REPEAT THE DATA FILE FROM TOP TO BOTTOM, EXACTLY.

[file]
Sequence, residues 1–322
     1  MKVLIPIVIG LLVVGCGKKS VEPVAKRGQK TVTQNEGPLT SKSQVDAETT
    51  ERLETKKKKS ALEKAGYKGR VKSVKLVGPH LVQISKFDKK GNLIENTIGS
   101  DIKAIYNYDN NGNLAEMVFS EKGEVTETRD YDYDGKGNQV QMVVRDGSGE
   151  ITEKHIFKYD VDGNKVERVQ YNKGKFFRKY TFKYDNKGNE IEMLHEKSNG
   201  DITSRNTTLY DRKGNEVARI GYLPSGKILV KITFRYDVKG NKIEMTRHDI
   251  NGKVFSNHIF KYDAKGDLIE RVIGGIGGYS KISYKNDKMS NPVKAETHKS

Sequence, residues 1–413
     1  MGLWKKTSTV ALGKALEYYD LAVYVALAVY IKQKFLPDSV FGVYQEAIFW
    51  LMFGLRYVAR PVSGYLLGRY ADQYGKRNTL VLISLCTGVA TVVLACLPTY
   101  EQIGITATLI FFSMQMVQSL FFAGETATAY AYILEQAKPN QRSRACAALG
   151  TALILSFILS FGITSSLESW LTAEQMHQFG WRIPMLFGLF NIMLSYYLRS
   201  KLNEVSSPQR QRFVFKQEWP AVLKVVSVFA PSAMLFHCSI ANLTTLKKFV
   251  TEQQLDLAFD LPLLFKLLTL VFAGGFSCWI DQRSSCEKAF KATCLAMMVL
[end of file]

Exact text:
Sequence, residues 1–322
     1  MKVLIPIVIG LLVVGCGKKS VEPVAKRGQK TVTQNEGPLT SKSQVDAETT
    51  ERLETKKKKS ALEKAGYKGR VKSVKLVGPH LVQISKFDKK GNLIENTIGS
   101  DIKAIYNYDN NGNLAEMVFS EKGEVTETRD YDYDGKGNQV QMVVRDGSGE
   151  ITEKHIFKYD VDGNKVERVQ YNKGKFFRKY TFKYDNKGNE IEMLHEKSNG
   201  DITSRNTTLY DRKGNEVARI GYLPSGKILV KITFRYDVKG NKIEMTRHDI
   251  NGKVFSNHIF KYDAKGDLIE RVIGGIGGYS KISYKNDKMS NPVKAETHKS

Sequence, residues 1–413
     1  MGLWKKTSTV ALGKALEYYD LAVYVALAVY IKQKFLPDSV FGVYQEAIFW
    51  LMFGLRYVAR PVSGYLLGRY ADQYGKRNTL VLISLCTGVA TVVLACLPTY
   101  EQIGITATLI FFSMQMVQSL FFAGETATAY AYILEQAKPN QRSRACAALG
   151  TALILSFILS FGITSSLESW LTAEQMHQFG WRIPMLFGLF NIMLSYYLRS
   201  KLNEVSSPQR QRFVFKQEWP AVLKVVSVFA PSAMLFHCSI ANLTTLKKFV
   251  TEQQLDLAFD LPLLFKLLTL VFAGGFSCWI DQRSSCEKAF KATCLAMMVL